My freshman year of high school, a couple of friends and I were discussing how to define “slut.” One friend settled on “a girl who gives a lot of head.” I said, “I don’t know, it’s just someone who dresses slutty and acts slutty.”
What We Teach Women When We Tell Them Not to Be Easy
At the time, this was how I thought of female peers who engaged in casual hookups. Since I’d been taught that sex was a favor women performed for men, it didn’t occur to me that my classmates could be engaging in sexual activity for their own sake (or that, when they weren’t, they may have actually been pressured or manipulated into it).
And Then I Was Called Slutty
I didn’t realize how messed up this kind of thinking was until it was directed toward me. During my freshman year of college, I became excited to explore my own sexuality, and the casual hookups I engaged in really were for my own pleasure. Then, a friend said I was being “slutty,” and my parents warned me that guys wouldn’t be interested in serious relationships with me.
“There’s something about male psychology,” my dad told me. “When you have a reputation for being easy, they have no motivation to work for it.”
This wasn’t the first time I’d heard this advice. I'd read "He’s Just Not That Into You," which advises women to give men the thrill of the chase. An older friend I looked up to told me there’s a reason men have traditionally been the initiators in heterosexual relationships. (This advice is typically given to women who sleep with men due to gender dynamics I’ll get into, so this piece will mostly deal with those relationships.)
Altogether, I got the impression that by pursuing sex myself, I wasn't only going against convention, I was going against human nature. The thing is, passively waiting around for what I want goes against my nature ... as does behaving as if I don’t want it.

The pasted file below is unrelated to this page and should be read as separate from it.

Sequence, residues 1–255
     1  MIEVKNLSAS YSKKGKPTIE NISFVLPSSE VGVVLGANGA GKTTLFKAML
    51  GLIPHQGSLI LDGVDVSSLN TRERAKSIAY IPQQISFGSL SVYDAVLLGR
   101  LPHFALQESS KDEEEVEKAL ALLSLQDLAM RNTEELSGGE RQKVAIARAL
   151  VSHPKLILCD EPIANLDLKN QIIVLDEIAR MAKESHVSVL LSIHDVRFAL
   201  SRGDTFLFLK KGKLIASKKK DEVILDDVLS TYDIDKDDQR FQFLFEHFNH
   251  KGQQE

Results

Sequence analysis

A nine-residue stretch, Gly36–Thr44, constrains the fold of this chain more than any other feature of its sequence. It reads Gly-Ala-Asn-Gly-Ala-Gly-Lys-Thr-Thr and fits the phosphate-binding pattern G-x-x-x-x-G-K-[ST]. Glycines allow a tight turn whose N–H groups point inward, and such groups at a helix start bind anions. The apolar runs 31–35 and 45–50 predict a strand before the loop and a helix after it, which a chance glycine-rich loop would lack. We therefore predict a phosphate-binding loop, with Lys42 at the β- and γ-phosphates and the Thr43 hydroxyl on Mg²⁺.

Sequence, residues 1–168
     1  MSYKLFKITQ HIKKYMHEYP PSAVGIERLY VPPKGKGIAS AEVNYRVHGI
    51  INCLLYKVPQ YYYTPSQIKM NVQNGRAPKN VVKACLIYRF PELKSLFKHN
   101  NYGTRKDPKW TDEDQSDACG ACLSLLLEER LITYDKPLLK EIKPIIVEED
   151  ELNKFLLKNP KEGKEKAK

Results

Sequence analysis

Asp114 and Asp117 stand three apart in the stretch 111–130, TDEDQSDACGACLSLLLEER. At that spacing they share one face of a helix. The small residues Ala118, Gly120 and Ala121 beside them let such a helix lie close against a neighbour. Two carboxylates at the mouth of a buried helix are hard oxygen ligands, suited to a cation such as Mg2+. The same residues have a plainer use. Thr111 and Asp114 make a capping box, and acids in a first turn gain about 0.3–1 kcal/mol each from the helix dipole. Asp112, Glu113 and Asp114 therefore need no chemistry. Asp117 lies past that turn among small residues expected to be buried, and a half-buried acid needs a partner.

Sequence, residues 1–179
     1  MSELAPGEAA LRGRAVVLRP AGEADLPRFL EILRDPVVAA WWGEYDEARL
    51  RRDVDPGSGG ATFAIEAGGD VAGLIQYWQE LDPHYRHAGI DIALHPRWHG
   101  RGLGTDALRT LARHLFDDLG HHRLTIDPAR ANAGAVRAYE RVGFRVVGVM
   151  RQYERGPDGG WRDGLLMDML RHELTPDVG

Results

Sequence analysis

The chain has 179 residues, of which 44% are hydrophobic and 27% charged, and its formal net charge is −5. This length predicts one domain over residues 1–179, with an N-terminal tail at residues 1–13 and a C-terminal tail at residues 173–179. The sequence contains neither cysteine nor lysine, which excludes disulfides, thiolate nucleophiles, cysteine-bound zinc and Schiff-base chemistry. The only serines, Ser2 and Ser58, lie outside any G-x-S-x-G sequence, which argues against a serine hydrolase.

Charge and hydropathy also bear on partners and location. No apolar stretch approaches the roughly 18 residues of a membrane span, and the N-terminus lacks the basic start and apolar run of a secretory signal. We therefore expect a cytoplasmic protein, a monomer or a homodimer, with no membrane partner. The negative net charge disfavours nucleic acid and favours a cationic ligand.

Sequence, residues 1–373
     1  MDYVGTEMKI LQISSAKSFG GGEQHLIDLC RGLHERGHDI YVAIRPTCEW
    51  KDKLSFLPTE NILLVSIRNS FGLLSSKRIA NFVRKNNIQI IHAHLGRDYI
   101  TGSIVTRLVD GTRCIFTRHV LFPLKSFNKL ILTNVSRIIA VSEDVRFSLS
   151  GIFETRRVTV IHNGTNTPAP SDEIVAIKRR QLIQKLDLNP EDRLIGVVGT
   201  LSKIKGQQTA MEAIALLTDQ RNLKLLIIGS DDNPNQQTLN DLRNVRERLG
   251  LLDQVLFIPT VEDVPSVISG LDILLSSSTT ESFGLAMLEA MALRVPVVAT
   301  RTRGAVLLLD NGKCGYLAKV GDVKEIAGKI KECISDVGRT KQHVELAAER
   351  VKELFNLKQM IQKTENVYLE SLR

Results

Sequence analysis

Thankfully, eight years after being criticized for becoming sexual with people I didn’t know well, I found a relationship by doing exactly that. I met someone in a club and told him not to go home without me. Contrary to my dad’s warnings, he’s stuck with me for two years.
Instead of catering to men with sexist attitudes, I waited for one who understands that women can be “easy” and have standards; they can be open to a variety of relationships and respect themselves; they can pursue sex and deserve love.
We need to stop teaching women not to be easy, because when we do, we also teach them these destructive ideas:
Men Are Predators and Women Are Prey
Calling a woman “easy” for engaging in sexual activity with a man assumes that he’s the one who wanted it and she merely gave in. As a culture, we tend to believe that men are more sexual. Any sexual activity on a woman’s part is somehow a compromise, or at best, an exchange for something else, like love or financial stability.
This belief system doesn’t give women much agency over their sex lives. It also devalues female pleasure. Why should women get much out of the sex itself, the thinking goes, if what they really want is love or approval?
This thinking also veers dangerously into normalizing sexual assault. It operates off a model of sex that assumes men push and women acquiesce, which leaves little room for enthusiastic consent.
When we try to dissuade women from having sex, we may believe we’re protecting them from being objectified. However, the assumption that sex is inherently objectifying to women is objectifying in and of itself. Women have their own sexual needs. They can be subjects, not objects, in their sexual encounters.